Harlequin Books
Navajo Traditions

By Aimée Thurlo

Welcome to a world filled with wonder and the magic of falling in love - the Navajo Nation. It has a heartbeat all its own and is filled with tradition. One of the Diné’s - the Navajo People’s—most important traditions is the Kinaaldá, which marks a girl’s passage into womanhood. Among the many tasks and rituals she’ll have to complete is a full night of prayers. During those long hours she must sit perfectly still, back straight, legs outstretched before her. Eventually, as dawn breaks she’ll rise and race toward the east (where all things begin), symbolizing the journey from childhood to adulthood. The ritual celebrates the traditions of the past and gives the young woman a greater understanding of her place in the tribe.

One of my favorite traditions revolves around weaving. The Navajos are known for crafting exceptionally beautiful rugs, but there are rules for their successful completion. Since a piece of the artist’s heart and soul goes into the work,  every Navajo rug must include a small “opening” that leads to the edge. Sometimes this is a strand of yarn that’s woven with a contrasting color and winds its way to the rug’s border. Without this, the weaver’s thoughts might become trapped inside the blanket. This practice is a tribute to Spider Woman, who taught the tribe how to weave.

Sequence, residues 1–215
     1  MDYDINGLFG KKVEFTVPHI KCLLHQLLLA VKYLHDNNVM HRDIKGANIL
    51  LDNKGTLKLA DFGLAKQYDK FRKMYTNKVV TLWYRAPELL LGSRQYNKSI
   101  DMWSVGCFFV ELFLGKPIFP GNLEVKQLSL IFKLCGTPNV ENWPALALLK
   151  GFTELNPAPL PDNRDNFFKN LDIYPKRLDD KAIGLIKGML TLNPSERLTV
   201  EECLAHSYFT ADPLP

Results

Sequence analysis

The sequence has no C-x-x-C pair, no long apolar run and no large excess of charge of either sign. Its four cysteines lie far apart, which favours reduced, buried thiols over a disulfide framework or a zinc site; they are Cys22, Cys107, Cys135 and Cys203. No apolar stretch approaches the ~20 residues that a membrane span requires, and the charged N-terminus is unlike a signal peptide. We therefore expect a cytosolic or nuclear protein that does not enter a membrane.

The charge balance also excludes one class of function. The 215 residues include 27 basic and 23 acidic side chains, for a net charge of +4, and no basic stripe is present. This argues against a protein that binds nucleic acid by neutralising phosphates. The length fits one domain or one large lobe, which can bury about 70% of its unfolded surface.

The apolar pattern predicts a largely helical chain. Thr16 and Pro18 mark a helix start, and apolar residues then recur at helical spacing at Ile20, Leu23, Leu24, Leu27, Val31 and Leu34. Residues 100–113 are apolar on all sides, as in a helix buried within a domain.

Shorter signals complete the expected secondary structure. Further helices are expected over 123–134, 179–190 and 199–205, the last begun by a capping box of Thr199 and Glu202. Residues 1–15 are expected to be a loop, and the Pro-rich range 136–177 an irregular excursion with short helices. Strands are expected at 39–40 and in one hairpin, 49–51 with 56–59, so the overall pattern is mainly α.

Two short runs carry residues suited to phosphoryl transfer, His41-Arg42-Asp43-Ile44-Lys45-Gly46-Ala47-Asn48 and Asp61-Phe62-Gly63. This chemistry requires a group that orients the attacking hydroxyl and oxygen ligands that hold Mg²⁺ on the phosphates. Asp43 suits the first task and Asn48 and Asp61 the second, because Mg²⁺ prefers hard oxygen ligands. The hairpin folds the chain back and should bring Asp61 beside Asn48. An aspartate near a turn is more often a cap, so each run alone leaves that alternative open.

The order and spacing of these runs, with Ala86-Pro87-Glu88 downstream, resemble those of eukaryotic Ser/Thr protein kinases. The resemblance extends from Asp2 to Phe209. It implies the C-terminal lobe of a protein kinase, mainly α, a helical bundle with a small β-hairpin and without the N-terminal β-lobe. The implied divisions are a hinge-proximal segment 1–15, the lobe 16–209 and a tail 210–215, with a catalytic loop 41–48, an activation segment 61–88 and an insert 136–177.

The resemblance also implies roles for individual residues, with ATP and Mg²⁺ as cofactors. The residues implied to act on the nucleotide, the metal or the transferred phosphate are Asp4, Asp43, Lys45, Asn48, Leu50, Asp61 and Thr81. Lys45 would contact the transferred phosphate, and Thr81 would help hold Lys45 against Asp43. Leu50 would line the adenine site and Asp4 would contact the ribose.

According to legend, Spider Woman also required that the skill of weaving be taught to other Navajos. This struck me as particularly beautiful because I can so easily liken it to writing. To me, a book is never complete until it’s in the hands of the readers.

Winter Hawk’s Legend is our 30th Harlequin Intrigue and like the Diné rug it has a piece of our heart and soul.